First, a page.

Boro is a Japanese Folk Art Fabric that literally means “tattered rags”.  Peasants between the 17th and 20th centuries couldn’t afford expensive silk and used cheaper materials like hemp and cotton to make their clothing. They discovered that by sewing several layers of material together, using a simple running stitch called Sashiko, they could create a more long lasting item that would also provide considerable warmth. No scrap of fabric was too small to throw away and nothing was wasted. They lived by the value of “Mottainai” which means “too good to waste”. Small pieces of secondhand cloth, originally dyed with indigo, were patched together to make clothes and other household items such as futons and blankets. Generations used and reused these items.



A “Bodo” or Life Cloth was usually used as a sheet, but was also used during childbirth as the sheet for the baby to be delivered on.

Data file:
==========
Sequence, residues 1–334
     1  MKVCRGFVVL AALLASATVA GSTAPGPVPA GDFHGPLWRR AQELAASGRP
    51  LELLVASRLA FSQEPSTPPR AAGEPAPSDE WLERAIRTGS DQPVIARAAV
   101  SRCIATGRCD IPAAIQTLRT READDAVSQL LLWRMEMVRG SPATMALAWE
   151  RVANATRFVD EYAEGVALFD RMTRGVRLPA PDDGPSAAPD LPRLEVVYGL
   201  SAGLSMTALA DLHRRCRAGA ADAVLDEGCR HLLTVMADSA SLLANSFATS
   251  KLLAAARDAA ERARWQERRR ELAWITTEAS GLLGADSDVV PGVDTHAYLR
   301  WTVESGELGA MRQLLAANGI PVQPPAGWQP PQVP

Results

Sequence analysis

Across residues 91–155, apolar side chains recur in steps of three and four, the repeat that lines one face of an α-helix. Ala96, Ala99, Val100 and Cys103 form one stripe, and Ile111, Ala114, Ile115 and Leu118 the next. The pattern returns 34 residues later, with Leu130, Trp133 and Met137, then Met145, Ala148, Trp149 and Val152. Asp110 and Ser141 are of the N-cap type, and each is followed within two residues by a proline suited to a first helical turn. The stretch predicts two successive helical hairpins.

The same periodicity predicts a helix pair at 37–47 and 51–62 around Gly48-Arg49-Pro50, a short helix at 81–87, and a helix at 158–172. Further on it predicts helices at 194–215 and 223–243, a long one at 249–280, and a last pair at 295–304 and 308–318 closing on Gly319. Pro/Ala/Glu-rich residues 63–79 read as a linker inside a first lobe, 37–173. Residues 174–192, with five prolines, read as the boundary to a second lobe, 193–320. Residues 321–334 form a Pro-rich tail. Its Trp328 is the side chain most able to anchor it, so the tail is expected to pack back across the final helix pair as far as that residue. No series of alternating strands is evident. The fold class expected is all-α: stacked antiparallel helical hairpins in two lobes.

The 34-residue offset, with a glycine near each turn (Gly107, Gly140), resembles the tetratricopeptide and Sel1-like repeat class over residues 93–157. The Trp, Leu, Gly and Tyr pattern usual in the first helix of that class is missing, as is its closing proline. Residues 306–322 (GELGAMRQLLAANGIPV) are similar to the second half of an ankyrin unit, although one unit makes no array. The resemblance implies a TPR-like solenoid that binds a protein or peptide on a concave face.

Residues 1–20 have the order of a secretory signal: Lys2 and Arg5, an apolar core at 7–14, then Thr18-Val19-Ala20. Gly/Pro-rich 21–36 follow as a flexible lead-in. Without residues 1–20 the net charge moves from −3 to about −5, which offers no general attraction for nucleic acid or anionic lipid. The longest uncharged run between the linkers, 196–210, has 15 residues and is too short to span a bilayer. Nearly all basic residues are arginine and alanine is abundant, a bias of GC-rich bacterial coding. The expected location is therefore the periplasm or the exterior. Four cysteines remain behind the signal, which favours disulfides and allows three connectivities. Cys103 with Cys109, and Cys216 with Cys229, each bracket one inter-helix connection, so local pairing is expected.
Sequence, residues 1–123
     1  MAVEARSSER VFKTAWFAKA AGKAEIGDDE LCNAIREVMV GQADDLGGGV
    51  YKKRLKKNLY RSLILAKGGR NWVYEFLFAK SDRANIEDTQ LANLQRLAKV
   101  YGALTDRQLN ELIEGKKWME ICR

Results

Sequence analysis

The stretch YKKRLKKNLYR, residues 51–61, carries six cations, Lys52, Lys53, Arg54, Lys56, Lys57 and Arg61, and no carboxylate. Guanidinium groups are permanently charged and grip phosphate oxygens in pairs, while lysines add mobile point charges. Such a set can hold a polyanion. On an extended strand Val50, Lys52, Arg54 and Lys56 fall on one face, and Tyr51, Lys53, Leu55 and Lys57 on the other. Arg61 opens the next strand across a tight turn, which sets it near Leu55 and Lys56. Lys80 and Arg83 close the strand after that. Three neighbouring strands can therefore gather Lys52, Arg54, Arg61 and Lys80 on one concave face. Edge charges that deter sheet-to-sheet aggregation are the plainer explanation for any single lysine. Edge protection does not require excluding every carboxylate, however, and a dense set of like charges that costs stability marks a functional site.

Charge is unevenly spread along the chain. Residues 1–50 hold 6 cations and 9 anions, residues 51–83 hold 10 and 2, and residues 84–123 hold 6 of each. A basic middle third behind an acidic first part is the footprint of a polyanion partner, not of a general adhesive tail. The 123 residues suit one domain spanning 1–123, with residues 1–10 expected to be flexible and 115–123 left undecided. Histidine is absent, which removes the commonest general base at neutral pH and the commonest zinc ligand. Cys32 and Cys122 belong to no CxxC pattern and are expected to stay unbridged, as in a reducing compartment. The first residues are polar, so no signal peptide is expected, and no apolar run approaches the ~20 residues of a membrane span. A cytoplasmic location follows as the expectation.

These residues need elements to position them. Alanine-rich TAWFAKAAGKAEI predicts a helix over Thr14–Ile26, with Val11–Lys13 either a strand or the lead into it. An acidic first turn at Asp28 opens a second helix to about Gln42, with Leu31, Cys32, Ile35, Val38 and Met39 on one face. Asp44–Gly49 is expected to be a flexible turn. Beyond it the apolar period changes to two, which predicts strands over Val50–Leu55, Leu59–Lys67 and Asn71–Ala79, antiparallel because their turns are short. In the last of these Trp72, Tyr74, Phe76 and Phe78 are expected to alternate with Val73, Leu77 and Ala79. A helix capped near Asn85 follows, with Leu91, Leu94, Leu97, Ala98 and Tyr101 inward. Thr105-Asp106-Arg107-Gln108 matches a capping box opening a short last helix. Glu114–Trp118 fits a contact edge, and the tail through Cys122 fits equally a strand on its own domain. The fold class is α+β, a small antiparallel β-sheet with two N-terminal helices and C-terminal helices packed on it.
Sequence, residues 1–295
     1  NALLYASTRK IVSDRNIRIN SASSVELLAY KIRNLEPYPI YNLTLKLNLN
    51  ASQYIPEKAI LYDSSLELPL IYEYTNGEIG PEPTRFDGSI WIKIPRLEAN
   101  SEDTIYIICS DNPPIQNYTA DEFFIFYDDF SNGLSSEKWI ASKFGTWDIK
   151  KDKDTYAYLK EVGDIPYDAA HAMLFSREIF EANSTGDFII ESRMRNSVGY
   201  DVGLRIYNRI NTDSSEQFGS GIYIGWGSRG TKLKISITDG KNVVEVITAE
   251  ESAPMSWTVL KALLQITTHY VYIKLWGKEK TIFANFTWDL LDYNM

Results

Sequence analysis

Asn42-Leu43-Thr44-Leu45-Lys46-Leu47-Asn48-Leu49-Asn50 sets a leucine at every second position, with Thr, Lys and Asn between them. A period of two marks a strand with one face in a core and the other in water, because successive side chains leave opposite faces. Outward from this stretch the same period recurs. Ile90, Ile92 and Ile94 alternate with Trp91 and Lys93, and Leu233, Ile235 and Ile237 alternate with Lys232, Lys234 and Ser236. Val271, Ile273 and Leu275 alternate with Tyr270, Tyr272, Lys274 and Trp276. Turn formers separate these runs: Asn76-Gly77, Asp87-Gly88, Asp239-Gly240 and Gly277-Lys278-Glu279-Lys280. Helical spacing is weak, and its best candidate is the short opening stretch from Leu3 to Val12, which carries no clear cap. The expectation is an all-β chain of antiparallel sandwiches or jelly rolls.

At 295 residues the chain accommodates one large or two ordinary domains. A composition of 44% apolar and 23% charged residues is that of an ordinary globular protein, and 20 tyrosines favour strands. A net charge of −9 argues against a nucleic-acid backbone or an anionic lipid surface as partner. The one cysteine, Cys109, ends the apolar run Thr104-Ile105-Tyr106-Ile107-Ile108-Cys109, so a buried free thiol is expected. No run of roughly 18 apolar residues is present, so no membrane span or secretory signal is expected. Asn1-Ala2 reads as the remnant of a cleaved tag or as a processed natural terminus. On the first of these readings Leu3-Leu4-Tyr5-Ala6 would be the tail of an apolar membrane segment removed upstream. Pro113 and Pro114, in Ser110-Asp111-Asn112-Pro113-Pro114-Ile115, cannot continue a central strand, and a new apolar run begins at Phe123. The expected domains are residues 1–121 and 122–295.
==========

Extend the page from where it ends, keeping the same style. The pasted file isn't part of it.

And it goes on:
Detail of a robe (left) and detail of a bed comforter from 1870’s-1920’s (right)



The women prided themselves on making these textiles beautiful to look at. They painstakingly labored over the stitching designs and various materials.

This is quoted from a wall plaque in the Amuse Museum:

“Merchants were even treated better than their own relatives. Since those merchants already worked on the fields during the summertime, they walked around doing business in the wintertime. The merchants were especially important guests for bringing the commodities as well as local news and latest topics into the snow-surrounded sedentary villages.

Among the merchants, especially the ones who sell needles received favorable treatments. Threads were possible to obtain from fibers on their own, but without needles, women could never do their jobs of making fabrics.

In some cases where the woman’s mournful cries could be heard on the streets were often simply due to the tragic case of a broken needle. This explains how important needles were for those women back in the days.”

All of the photos were taken on my visit to the Boro exhibitiion at the Amuse Museum.

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